Sara Cwynar – Flat Death

Reading Time: 2 minutes

The starting point for Sara Cwynar’s Flat Death is a term Roland Barthes uses in his seminal book, Camera Lucida, the Vancouver-born photographer says.

“Buried in the latter part of the book, Barthes talks about ‘flat death’, and this idea that photography can bring back what has gone, and also remind you of what’s [no longer there],” says Cwynar, who lives and works in New York.

“I started to think about this idea in relation to discarded objects and images, and [how I could] resurrect them. Collecting and reworking found images has always been part of my practice, but this gave me a new framework in which to work.”

Cwynar, who studied graphic design before taking up photography, started the project last June. She uses images sourced from darkroom manuals, old encyclopedias, flea markets and the New York Public Library Picture Collection, which she manipulates “to create altered versions of the original image”. Her process involves scanning and enlarging the images to create prints on which she “rebuilds” the original images using collected objects and occasionally, reprints of the image itself. Cwynar then photographs the artworks and from these produces digital C-type prints.

Her process is a “circular” one, beginning with a found photograph and ending with a new image, and In between, the works are “sculptural installations”. “I always start with physical images, never those sourced from the internet. I like the way a picture changes over time – how the colours may warp, for example. I’m interested in the idealised and very specific view of the world that is present in printed matter from the twentieth century, but which has gone now [in light of] the internet.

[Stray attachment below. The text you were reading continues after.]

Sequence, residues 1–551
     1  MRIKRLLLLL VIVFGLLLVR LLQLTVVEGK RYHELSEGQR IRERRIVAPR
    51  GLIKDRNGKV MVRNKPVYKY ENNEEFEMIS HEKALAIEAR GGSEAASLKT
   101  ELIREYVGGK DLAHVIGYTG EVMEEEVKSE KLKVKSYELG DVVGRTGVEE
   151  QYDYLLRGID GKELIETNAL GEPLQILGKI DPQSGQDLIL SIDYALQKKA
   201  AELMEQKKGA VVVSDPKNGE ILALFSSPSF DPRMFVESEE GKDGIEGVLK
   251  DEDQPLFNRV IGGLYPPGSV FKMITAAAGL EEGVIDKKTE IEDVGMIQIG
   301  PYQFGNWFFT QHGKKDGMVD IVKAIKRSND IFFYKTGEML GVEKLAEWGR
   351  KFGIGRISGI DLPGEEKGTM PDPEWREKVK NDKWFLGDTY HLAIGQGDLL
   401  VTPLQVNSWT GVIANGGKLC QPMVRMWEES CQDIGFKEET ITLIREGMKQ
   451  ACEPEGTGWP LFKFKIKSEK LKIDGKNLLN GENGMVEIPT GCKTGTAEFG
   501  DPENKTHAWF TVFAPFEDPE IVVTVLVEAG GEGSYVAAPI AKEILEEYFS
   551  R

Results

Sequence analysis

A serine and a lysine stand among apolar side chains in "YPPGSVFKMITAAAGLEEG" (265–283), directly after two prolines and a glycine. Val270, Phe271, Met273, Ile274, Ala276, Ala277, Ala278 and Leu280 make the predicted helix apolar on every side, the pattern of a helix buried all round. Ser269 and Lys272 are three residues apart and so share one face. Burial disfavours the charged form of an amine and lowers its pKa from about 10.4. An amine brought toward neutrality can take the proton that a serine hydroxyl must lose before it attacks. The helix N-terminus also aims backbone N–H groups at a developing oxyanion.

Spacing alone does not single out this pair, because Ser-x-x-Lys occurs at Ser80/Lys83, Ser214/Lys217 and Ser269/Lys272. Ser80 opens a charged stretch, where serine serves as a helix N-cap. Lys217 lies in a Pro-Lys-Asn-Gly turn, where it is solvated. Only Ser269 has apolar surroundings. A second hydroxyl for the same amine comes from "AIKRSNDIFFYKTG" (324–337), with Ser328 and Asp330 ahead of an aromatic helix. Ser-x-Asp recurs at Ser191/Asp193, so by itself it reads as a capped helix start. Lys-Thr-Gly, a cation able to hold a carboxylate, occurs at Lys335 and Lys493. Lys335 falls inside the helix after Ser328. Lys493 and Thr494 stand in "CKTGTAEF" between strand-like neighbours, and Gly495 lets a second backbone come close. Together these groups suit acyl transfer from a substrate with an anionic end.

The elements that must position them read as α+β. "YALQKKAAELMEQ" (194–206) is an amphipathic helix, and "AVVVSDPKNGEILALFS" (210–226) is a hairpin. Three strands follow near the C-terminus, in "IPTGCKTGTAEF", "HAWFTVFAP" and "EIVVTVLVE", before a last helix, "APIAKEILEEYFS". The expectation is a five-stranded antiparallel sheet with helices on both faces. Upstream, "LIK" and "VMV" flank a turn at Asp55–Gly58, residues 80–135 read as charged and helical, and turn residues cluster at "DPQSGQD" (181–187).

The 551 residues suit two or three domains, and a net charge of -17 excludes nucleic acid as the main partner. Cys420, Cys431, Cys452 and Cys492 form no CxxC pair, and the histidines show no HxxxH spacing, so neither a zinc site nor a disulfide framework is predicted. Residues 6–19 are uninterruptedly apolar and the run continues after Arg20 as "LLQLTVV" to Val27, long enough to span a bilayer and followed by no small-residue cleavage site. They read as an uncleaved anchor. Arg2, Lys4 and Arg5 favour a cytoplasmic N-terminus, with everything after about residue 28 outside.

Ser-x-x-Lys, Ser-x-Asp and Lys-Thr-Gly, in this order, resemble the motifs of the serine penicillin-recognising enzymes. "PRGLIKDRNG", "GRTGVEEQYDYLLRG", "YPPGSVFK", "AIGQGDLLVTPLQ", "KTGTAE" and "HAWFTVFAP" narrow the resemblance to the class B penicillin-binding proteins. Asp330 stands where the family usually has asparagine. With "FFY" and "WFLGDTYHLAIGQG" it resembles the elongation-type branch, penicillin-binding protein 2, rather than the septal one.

“I’m drawn to this period where printed matter perhaps had a different resonance. I think it is important to save and to re-present this in response to the way we respond to images now, which is more quickly and less carefully.”

Describing herself as “a compulsive collector”, (“I have tons of boxes in my studio filled with objects from junk drawers such as old soaps, obsolete technologies – perhaps out of date iPods and cameras”), Cwynar explains that mixing the old and the outdated with new ways of making images is an important element of her practice.

“I like to create images that are anachronistic – that can be read as both new and old at the same time. I will continue to work in this way for sure, but I want to extend what I’m doing by finding new ways [of working]. I’m interested in vernacular images, and how this huge archive of images trails behind us as we make new images. I could easily use Photoshop to make these images but I think it’s important they exist in the real world.”